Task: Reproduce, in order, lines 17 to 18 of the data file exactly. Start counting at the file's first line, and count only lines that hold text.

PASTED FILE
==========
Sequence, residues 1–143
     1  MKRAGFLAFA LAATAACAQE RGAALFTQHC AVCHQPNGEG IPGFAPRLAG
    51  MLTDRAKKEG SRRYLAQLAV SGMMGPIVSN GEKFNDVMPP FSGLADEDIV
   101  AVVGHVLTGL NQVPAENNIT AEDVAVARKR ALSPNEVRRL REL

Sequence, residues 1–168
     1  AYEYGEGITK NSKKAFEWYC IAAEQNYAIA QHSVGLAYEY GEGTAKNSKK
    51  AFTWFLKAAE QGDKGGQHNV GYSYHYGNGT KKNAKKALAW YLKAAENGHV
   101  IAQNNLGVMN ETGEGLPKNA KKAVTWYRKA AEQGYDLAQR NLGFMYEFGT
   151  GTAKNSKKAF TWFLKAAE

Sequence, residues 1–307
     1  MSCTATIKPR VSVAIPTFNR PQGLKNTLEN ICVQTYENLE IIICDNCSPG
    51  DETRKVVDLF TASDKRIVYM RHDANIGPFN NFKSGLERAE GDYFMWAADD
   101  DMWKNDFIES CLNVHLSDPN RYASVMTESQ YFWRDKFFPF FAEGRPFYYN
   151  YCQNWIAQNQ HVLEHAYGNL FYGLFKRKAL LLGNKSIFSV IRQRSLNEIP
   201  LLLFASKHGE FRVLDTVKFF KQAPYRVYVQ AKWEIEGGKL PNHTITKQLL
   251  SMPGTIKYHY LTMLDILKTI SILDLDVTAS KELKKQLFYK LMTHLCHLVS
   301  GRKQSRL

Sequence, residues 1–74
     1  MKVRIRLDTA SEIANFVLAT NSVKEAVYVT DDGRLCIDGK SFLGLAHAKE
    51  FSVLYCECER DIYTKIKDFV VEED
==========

   301  GRKQSRL

Sequence, residues 1–74